2016 proved to be a profitable year in terms of honey and colony production.  The surviving hive from the previous year produced over 50lbs of honey and split twice.  It was the winter of 2017 that proved rather harsh and we were particularly upset the older hive perished in late January. The autopsy showed they broke cluster and failed to recluster during a sudden drop in temperatures.  :(

(Pictured left: Scout assisting in the autospy.  We'd have more pictures but someone at the lab dropped their phone in the toilet.  Then the second set of pictures was lost from a Nougat update bricking the phone. It was one of those years.)  
2015 Apairy News:  With the loss we experienced last year, we decided to begin with 2 packages this Spring.  Our choices are between packages - a box of bees with a queen in a little cage; or a nuc - a box of drones, workers with a mated queen.  Aside from cost, packages and nucs have some differences which need to be sorted according to preference and circumstances.

Packages are often less aggressive as they have no queen or brood to defend.  A nuc can be attractive though as it's much easier to add to the bee yard and the possibility of getting honey the first year is greater.  In the first year a package will be about two months behind a nuc, so depending on flow and hive growth this could be an issue to some while others would prefer to save any first year honey for spring feedings. 

That is what we did with 2014's leftover frames of honey (so nope, they didn't die of starvation either). We kept it for the two packages we decided to get and also kept some back for further spring feedings.  That worked out as after we installed the packages we got a call to see if we'd take some stressed nucs in addition to our packages, so it was good we saved it.  We won't be doing that again however.

2014 Apairy News:  Associated Press reported 5/14/2015 in "Survey: Almost half of all bee hives in the U.S. died in the past year": "More than two out of five American honeybee colonies died in the past year, and surprisingly the worst die-off was in the summer, according to a federal survey." "Oklahoma, Illinois, Iowa, Delaware, Maryland, Pennsylvania, Maine and Wisconsin all saw more than 60% of their hives die since April 2014..."

Sadly, our loss was 100%.  For unknown reasons and similar to many others mentioned in the above article, our queen died around July of last summer too.  We didn't discover, or should say, suspect this until around August as we weren't sure if the cells we found were swarm cells or supersedure cells.  We also couldn't find a queen during inspection and some of the cells were already empty; so due to the uncertainty, we decided to split the hive and take a chance with two small hives; instead of removing a few of the cells and *hoping* or wasting time letting any further hatching queens fight each other with the single hive.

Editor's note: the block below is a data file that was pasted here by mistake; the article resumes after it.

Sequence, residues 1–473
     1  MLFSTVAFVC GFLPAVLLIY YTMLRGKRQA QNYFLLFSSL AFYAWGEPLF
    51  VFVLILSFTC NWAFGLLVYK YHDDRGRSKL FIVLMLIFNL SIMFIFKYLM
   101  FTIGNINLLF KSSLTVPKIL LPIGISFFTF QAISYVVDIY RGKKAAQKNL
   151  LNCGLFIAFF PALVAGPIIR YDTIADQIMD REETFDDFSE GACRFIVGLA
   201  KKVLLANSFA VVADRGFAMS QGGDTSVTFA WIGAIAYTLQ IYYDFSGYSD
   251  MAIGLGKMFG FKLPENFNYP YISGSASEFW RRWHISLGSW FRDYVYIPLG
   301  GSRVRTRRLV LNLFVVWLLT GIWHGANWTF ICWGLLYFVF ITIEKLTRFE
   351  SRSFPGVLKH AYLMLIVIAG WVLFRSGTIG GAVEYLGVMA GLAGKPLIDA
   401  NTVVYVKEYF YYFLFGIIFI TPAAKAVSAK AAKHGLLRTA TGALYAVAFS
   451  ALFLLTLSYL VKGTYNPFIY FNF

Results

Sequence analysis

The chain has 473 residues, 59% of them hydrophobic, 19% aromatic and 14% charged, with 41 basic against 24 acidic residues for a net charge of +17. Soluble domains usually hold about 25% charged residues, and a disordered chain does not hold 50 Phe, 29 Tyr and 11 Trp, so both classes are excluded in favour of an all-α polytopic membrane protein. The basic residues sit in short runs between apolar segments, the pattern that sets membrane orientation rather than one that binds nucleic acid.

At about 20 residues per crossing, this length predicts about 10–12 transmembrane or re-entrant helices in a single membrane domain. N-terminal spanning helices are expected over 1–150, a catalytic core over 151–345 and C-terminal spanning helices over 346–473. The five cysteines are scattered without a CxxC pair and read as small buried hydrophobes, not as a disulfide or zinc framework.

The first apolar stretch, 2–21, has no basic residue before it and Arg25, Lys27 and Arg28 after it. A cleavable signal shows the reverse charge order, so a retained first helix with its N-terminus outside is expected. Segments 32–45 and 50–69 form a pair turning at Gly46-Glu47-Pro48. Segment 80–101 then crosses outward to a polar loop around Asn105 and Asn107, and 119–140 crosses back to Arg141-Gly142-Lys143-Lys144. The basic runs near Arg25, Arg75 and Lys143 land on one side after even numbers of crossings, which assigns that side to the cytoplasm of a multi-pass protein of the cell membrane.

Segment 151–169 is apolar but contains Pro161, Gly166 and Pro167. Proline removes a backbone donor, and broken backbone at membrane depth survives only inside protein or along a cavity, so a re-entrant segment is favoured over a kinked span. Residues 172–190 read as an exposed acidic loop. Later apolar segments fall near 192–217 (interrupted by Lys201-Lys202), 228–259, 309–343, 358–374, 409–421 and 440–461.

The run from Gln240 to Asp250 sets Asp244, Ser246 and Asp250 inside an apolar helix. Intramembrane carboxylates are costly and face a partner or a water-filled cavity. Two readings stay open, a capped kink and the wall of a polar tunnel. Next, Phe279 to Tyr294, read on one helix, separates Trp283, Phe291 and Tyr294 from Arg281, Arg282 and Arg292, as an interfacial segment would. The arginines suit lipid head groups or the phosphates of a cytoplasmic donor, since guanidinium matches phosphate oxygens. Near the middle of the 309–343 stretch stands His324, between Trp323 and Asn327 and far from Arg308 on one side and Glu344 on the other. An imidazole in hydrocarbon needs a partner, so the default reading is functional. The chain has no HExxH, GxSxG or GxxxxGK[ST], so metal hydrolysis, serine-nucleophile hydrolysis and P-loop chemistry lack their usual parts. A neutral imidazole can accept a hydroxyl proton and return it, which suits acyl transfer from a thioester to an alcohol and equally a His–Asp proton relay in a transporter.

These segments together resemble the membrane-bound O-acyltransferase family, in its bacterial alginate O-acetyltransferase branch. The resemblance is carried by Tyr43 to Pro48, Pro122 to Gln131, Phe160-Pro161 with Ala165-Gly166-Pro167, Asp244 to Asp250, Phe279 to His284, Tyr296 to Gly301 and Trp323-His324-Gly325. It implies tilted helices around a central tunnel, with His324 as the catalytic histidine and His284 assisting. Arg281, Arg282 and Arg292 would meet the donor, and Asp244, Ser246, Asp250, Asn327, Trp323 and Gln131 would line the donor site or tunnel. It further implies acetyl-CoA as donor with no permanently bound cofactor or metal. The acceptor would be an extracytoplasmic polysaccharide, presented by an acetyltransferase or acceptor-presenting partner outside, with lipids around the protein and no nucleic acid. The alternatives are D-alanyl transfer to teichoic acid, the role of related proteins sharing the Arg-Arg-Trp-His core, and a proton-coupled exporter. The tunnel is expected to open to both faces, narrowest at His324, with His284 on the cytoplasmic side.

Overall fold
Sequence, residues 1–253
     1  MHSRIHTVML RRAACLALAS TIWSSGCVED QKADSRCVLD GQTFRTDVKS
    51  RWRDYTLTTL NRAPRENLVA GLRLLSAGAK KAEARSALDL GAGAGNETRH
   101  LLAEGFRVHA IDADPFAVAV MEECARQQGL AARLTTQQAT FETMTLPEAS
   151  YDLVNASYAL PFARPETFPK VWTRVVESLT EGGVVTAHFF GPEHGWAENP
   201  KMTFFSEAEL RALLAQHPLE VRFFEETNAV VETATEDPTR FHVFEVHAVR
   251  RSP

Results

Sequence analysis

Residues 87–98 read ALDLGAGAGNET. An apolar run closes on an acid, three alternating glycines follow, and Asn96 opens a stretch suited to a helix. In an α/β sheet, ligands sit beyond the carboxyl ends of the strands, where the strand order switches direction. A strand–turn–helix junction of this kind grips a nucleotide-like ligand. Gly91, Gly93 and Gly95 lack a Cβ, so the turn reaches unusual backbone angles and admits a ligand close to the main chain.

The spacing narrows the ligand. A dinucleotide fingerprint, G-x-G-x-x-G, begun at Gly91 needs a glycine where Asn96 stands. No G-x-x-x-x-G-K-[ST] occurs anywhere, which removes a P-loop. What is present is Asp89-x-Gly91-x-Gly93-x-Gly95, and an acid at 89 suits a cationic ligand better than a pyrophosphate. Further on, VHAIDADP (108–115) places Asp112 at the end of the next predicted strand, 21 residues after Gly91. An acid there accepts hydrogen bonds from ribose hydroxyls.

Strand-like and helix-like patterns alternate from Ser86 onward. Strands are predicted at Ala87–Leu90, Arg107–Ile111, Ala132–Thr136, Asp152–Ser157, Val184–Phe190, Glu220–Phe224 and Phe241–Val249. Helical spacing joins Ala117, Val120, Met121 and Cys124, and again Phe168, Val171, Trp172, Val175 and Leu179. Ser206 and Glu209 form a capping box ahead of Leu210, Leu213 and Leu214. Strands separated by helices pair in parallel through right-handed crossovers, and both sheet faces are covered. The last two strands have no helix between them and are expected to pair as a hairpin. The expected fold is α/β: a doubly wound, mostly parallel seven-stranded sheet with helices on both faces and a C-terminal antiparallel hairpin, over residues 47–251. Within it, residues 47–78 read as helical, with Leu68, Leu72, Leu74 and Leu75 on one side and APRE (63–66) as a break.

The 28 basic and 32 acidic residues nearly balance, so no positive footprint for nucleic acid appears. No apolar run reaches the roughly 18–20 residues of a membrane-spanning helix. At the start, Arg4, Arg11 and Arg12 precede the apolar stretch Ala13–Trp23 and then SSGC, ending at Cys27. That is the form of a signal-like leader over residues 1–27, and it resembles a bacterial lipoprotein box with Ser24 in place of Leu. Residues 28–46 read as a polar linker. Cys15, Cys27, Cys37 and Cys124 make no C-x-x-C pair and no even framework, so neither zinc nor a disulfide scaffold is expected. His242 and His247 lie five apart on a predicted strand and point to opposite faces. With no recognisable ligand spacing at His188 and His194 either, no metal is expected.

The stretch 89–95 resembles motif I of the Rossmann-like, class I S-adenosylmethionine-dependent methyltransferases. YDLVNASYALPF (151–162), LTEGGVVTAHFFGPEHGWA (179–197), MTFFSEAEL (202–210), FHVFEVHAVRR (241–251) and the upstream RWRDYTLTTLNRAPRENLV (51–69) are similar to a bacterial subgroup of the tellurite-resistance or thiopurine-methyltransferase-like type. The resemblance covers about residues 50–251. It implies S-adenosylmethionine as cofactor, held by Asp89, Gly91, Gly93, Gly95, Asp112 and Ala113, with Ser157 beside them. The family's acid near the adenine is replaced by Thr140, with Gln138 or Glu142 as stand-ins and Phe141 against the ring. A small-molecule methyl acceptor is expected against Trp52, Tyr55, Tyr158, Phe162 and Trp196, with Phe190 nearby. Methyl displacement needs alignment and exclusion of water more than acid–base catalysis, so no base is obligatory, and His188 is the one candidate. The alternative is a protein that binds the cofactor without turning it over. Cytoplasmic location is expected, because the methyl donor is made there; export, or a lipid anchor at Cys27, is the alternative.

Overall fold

Initially, that seemed to work.   Everyone was happy, the main hive ended up having an existing queen and the two cells that were included in the split worked it out (well, one killed the other as they often do).  They were both small and still alive in December but we cannot be certain after that.  We found one hive dead still clustered and the other was in what looked like suspended animated death in early March of this year.  It appeared they warmed up, began normal activities and just froze mid-step.  Creepy looking and sad but moreso creepy looking which is why the bleach water came out before the camera could. 

As for disease, none was readily apparent.  We don't have a problem with varroa mite (yet..*crossing fingers*; however it often doesn't become a problem until year 2 or 3). Count boards consistently produced none. One varroa mite was found on a bee *outside* the hive but it was removed before she flew back into the hive.  While uncertain, we just didn't see any visible evidence of parasite or disease being the cause for our deaths.  We did save a bag of bodies for testing though so we shall see what that produces..and it wasn't a complete loss despite the 100% hive loss as we did learn a number of lessons we were able to apply in 2015.